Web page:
A giant sea wall is under construction around Jakarta as the city sinks further and further below sea level. Paul Chapman reports.
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Indonesia's capital city is sinking.
Jakarta sits on a swampy plain and has sunk four metres in the past three decades.
Water drained through wells to supply the city is causing the ground on which it lies to subside.
Today 40 per cent of the city is below sea level.
The government launched a 263 million dollar scheme in October to build a giant sea wall around the city.
The hope is that the wall will stop the sea water overwhelming the city as it sinks further still.
The World Bank which oversees a huge flood mitigation project in Jakarta which it largely funds says the problems are acute.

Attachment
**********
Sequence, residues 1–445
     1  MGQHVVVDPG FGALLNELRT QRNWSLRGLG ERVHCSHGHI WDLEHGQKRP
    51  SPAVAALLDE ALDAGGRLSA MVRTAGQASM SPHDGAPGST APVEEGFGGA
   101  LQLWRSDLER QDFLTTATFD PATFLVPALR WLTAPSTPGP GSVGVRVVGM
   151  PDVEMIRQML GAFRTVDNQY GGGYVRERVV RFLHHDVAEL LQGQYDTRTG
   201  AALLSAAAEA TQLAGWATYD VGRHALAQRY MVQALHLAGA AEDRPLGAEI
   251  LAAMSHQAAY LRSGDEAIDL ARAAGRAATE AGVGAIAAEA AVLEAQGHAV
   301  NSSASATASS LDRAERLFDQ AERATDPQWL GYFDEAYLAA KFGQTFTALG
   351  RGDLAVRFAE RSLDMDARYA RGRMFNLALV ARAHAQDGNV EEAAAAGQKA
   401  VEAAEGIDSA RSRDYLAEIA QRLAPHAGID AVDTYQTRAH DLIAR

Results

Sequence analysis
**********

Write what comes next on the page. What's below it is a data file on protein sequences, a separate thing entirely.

(SOUNDBITE) (English) FOOK CHUAN ENG, WORLD BANK'S SENIOR WATER AND SANITATION EXPERT, SAYING:
"If you compare this against the other major cities in this region - Manila, Bangkok or Ho Chi Minh City - they also suffer from land subsidence but the rates that we have seen in Jakarta is actually above those other cities."
Jakarta's new sea wall will include a 24-kilometre outer wall.
It'll have 17 artificial islands up to eight kilometres off shore
Officials with the Dutch engineering and consulting firm brought in to help say it's a massive undertaking.
(SOUNDBITE) (English) VICTOR COENEN, CHIEF REPRESENTATIVE OF DUTCH CONSULTING FIRM WITTEVEN + BOS, SAYING:
"It will be built in 16 to 20 metres of deep water and basically we're going to build a totally new city on top of that."
The sea wall project is a race against time and not just for Jakarta.
Southeast Asia is suffering from increasing numbers of severe floods and storms.
Between 1960 and 1969 there were fewer than 20 such incidents.
Between 2000 and 2008 there were almost six times as many.
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